VA: Advent
[ parvoart ] recordings

Leave it to Duncan Ó Ceallaigh to find a way to squeeze nine transporting soundscapes into only twenty-four minutes, as he does on this latest three-inch installment in his Wismar-based [ parvoart ] recordings label. Though the label's second compilation, Advent, is thematically a “meditation and celebration of all things wintry,” one needn't conclude that it's cold in feeling. Not surprisingly, all of the pieces are in the two- to three-minute range and get to the heart of the matter with dispatch.

Stephen Spera “Other Places To Be” opens the collection with a calming meditation of environmental clicks and processed sounds. In a new solo work, “Nr. 4, Melting Underfoot,” Celer member Will Long takes his dog for a walk through fresh snow (the dog's panting and the shuffling footsteps clearly audible), and the piece takes on a bittersweet aura when one realizes that the pet also belonged to Will's late wife Dani. French artist Neve opts for a bolder atmospheric evocation in “Morgan” that seems to inhabit the heights of the Jura mountains in eastern France where he lives. A live improv recorded in Schwerin, John R. Carlson's melancholy “No Time, No Place” sprinkles elegant piano playing over a wavering strings backing. “Frozen Feet,” Porzellan's graceful marriage of violin chill and sparse piano, proves affecting despite its brevity, and Ó Ceallaigh likewise provides a serene vignette of gentle piano and dust-speckled ambiance in “Sa Geimhreadh.” Analog synths and Fripp-like guitar in Alpe's “Te ^ Te Nord Des Fours” quietly echoes the style of Another Green World's guitar-based settings, and in M. Ostermeier's “Sagewood,” the combination of shuddering organ and chiming guitar shadings recalls Labradford's and Klimek's (pre-Anticipate) output. All of it's worth your time, but perhaps Advent 's loveliest piece is “Siskiyou” by [ parvoart ] newcomer R. Kitch, which blends two plaintive guitar lines into a soothing, tremolo-laden pas de deux. Certainly one of the things that most stands out is how well the pieces, despite some key differences between them, blend together to form a unified whole. Each seems to flow into the next, and Advent comes to be heard as a multi-part suite as opposed to separate, unrelated pieces.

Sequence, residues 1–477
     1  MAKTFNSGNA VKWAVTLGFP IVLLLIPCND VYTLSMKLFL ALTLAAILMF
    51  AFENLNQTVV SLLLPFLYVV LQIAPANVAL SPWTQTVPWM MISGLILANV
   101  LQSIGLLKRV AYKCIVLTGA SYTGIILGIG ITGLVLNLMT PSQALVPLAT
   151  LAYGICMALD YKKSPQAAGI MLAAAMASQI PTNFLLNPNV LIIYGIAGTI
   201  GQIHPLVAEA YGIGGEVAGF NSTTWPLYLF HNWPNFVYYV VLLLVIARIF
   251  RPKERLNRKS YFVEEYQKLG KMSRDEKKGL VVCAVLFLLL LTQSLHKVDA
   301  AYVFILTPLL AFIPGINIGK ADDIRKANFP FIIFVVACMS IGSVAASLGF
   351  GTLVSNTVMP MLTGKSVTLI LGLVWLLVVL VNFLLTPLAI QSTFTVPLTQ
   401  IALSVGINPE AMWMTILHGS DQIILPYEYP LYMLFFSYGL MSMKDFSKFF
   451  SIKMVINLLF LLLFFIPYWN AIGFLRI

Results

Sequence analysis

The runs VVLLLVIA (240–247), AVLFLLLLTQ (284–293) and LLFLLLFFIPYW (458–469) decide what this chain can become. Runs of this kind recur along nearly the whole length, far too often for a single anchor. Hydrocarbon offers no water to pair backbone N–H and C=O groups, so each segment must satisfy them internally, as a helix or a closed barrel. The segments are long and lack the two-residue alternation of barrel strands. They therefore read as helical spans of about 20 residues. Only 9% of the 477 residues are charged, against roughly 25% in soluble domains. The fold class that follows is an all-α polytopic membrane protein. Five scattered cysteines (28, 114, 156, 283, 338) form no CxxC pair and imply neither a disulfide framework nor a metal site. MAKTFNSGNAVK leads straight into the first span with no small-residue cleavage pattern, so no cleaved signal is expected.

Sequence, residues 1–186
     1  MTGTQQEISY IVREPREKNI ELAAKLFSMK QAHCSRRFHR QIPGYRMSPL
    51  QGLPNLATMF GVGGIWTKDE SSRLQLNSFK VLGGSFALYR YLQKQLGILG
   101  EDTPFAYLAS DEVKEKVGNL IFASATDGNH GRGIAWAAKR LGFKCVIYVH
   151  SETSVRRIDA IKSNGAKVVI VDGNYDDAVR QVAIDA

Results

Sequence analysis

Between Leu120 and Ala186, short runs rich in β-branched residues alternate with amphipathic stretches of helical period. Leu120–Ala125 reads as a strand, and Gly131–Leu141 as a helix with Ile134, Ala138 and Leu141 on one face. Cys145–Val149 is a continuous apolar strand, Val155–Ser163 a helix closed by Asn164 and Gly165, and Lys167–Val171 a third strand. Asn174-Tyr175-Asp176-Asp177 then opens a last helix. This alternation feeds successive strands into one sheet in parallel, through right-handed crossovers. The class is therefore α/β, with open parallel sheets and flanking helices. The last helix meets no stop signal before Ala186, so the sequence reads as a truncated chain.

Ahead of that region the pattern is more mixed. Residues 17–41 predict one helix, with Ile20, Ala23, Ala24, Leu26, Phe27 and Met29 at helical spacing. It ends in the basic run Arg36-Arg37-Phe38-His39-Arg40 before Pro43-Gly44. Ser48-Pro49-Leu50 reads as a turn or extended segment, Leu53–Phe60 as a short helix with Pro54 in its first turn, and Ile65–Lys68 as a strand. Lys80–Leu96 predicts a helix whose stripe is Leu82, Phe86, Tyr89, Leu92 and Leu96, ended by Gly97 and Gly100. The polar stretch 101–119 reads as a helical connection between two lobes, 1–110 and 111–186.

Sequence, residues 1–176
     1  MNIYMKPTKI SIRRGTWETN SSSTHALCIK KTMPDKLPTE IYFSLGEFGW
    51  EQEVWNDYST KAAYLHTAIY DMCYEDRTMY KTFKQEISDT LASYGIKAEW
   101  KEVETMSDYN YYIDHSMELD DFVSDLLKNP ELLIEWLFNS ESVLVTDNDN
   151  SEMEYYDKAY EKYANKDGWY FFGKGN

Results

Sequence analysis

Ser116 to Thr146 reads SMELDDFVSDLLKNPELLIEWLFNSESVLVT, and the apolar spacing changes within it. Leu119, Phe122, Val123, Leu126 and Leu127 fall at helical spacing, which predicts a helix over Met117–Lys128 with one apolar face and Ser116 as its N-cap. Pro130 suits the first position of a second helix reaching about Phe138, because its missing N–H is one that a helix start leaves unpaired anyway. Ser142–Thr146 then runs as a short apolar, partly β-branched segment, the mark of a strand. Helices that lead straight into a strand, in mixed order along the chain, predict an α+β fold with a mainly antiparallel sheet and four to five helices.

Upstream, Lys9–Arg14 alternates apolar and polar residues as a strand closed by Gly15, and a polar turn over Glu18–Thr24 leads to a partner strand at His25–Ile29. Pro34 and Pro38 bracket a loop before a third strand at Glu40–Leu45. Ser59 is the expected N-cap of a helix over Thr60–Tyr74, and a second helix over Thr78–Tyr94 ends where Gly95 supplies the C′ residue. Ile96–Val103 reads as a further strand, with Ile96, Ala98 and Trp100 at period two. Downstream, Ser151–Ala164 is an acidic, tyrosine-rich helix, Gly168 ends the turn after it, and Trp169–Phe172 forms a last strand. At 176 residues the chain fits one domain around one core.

April 2010